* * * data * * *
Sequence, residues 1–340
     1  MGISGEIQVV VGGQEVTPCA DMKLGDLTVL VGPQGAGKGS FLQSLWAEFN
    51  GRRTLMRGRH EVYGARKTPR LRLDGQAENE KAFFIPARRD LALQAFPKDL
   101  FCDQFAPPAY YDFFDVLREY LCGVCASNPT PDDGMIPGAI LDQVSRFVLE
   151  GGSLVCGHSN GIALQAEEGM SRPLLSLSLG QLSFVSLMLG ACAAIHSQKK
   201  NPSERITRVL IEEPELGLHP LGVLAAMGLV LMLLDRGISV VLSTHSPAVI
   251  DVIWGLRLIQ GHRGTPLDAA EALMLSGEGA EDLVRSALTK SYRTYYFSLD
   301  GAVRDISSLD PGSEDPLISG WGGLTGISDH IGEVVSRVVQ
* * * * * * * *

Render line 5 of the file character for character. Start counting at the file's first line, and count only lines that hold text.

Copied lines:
   151  GGSLVCGHSN GIALQAEEGM SRPLLSLSLG QLSFVSLMLG ACAAIHSQKK